I am always about in the quad

and that's why the tree

will continue to be

since observed by, yours faithfully, God
 
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I am always about in the quad
and that's why the tree
will continue to be
since observed by,
yours faithfully, God
Since observed, but not before observed. Before observing it, we have no proof of it's existance. After we have observed it we create our logical models (which need to be proved, and that's where Godel jumps in and spoils everything) which can tell us whether it will exist after we cease our observation.

Now you could say that we can demonstrate it's existance from an indirect observation, i.e. by observing the effects of it's interactions with the ambient. In the dark, for example, we can sense it's perfume, or we can hear the noise of it's leafs waving in the wind.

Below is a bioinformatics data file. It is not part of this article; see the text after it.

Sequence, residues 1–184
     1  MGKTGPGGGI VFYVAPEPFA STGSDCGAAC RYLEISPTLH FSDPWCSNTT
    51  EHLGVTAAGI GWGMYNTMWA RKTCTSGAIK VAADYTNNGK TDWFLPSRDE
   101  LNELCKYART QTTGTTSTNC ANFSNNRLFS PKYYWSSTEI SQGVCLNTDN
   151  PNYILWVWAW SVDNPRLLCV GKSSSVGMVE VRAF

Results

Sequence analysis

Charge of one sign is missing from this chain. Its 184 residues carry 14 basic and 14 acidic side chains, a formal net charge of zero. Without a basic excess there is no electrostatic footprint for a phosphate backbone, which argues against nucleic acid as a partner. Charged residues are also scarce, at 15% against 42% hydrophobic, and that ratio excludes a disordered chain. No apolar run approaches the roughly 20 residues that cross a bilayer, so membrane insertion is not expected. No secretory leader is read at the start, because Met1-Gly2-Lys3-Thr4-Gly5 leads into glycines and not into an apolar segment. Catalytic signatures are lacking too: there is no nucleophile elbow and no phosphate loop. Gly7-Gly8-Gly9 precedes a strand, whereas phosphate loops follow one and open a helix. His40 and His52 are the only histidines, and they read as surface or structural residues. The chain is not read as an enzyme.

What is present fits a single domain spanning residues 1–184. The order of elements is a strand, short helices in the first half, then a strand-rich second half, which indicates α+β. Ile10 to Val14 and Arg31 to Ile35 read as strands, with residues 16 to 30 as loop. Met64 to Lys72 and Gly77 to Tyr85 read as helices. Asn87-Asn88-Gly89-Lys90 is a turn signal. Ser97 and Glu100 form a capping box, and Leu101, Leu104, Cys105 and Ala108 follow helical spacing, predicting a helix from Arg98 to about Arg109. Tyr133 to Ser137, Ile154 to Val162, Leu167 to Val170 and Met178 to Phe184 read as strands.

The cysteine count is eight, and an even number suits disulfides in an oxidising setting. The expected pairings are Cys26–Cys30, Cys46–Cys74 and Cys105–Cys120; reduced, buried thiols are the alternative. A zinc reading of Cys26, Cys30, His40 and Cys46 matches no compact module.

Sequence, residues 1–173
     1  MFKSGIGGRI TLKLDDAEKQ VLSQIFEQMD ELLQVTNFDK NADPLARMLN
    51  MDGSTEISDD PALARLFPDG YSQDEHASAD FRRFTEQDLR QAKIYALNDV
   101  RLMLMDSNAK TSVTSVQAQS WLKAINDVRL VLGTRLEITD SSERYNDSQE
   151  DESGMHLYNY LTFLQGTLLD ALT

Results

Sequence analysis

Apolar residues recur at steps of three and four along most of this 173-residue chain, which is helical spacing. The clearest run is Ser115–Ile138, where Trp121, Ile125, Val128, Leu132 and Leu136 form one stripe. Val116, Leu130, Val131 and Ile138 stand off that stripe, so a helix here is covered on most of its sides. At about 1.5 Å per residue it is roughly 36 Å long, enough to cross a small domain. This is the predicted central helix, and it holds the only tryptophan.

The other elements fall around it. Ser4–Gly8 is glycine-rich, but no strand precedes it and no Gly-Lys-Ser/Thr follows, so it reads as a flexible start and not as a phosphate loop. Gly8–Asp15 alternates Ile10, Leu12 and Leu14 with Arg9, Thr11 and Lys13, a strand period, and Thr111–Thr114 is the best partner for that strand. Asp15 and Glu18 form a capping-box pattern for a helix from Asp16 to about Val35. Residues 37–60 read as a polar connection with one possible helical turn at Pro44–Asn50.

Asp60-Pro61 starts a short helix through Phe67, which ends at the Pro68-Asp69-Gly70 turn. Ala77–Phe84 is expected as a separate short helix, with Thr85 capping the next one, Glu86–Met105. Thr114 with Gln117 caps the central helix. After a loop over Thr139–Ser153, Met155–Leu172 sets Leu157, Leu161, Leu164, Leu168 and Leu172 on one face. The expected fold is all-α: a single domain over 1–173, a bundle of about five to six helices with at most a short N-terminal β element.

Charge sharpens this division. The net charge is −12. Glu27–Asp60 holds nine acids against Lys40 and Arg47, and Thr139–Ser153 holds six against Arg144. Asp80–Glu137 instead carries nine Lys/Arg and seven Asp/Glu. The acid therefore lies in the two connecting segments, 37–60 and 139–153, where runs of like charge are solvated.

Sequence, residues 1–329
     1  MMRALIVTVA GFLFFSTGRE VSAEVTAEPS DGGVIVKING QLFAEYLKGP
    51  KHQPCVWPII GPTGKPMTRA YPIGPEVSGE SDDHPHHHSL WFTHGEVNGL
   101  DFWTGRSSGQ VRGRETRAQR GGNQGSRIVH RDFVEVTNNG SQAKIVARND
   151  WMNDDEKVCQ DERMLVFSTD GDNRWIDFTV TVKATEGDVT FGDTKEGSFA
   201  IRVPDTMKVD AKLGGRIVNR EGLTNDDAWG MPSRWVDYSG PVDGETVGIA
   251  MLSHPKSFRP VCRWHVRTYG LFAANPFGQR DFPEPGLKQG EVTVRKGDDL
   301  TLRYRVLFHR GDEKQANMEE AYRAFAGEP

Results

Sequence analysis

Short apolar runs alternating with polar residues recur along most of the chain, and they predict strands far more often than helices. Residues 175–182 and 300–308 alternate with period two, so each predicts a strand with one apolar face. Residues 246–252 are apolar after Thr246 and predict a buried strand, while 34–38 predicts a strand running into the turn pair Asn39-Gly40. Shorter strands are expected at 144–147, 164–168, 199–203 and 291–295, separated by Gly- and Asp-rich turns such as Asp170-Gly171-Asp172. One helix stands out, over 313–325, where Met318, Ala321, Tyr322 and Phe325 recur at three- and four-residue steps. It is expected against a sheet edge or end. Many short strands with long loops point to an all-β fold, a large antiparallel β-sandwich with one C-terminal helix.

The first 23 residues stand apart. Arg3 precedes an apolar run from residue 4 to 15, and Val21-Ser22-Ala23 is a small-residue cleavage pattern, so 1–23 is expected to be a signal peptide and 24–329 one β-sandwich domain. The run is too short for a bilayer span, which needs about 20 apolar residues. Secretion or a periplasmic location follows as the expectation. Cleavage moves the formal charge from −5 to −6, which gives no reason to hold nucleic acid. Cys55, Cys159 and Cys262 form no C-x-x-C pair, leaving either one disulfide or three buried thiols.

Well, that's not a proof. You have once again constructed a logical model which correlates the effect to the cause, but any model can be confuted.

Note that all the world as we know it is a model created by our organism and our mind from the very moment a photon hits our retin or a soundwave bounces off our tympanic membrane.

And, by the way, in my view maybe the tree is not the right subject to argue upon, since it is a biological organism made of cells which can sense (and therefore can observe, in a way) the surrounding ambient and react to external inputs.
In other words, maybe a tree is an observer - just like us... :wink:
 
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Since observed, but not before observed. Before observing it, we have no proof of it's existance.